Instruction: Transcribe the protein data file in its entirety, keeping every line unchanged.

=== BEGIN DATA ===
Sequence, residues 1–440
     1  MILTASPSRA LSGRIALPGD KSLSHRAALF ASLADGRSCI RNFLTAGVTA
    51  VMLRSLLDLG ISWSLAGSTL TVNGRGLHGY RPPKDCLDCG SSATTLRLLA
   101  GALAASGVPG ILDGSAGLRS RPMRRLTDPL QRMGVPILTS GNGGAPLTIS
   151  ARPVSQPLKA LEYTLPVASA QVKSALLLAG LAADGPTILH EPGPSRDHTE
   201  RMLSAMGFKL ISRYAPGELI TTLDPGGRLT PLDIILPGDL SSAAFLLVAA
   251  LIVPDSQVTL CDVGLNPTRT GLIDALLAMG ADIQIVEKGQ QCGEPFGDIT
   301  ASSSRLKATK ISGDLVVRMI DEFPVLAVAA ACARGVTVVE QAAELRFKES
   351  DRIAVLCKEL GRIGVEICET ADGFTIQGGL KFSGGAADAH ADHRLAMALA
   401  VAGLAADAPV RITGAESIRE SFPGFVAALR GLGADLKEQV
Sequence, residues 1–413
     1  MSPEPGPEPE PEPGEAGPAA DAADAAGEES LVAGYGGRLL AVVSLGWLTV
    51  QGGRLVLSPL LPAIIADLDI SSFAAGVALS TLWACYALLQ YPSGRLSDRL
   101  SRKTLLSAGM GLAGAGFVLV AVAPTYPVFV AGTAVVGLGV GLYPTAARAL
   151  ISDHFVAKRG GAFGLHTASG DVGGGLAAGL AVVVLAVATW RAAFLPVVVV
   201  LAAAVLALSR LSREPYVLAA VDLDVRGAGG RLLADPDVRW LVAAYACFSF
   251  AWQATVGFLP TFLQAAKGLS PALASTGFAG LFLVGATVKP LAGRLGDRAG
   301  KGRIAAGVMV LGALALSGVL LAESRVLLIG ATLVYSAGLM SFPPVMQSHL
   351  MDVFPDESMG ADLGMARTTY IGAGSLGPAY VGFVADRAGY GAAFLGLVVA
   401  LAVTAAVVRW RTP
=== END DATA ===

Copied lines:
Sequence, residues 1–440
     1  MILTASPSRA LSGRIALPGD KSLSHRAALF ASLADGRSCI RNFLTAGVTA
    51  VMLRSLLDLG ISWSLAGSTL TVNGRGLHGY RPPKDCLDCG SSATTLRLLA
   101  GALAASGVPG ILDGSAGLRS RPMRRLTDPL QRMGVPILTS GNGGAPLTIS
   151  ARPVSQPLKA LEYTLPVASA QVKSALLLAG LAADGPTILH EPGPSRDHTE
   201  RMLSAMGFKL ISRYAPGELI TTLDPGGRLT PLDIILPGDL SSAAFLLVAA
   251  LIVPDSQVTL CDVGLNPTRT GLIDALLAMG ADIQIVEKGQ QCGEPFGDIT
   301  ASSSRLKATK ISGDLVVRMI DEFPVLAVAA ACARGVTVVE QAAELRFKES
   351  DRIAVLCKEL GRIGVEICET ADGFTIQGGL KFSGGAADAH ADHRLAMALA
   401  VAGLAADAPV RITGAESIRE SFPGFVAALR GLGADLKEQV
Sequence, residues 1–413
     1  MSPEPGPEPE PEPGEAGPAA DAADAAGEES LVAGYGGRLL AVVSLGWLTV
    51  QGGRLVLSPL LPAIIADLDI SSFAAGVALS TLWACYALLQ YPSGRLSDRL
   101  SRKTLLSAGM GLAGAGFVLV AVAPTYPVFV AGTAVVGLGV GLYPTAARAL
   151  ISDHFVAKRG GAFGLHTASG DVGGGLAAGL AVVVLAVATW RAAFLPVVVV
   201  LAAAVLALSR LSREPYVLAA VDLDVRGAGG RLLADPDVRW LVAAYACFSF
   251  AWQATVGFLP TFLQAAKGLS PALASTGFAG LFLVGATVKP LAGRLGDRAG
   301  KGRIAAGVMV LGALALSGVL LAESRVLLIG ATLVYSAGLM SFPPVMQSHL
   351  MDVFPDESMG ADLGMARTTY IGAGSLGPAY VGFVADRAGY GAAFLGLVVA
   401  LAVTAAVVRW RTP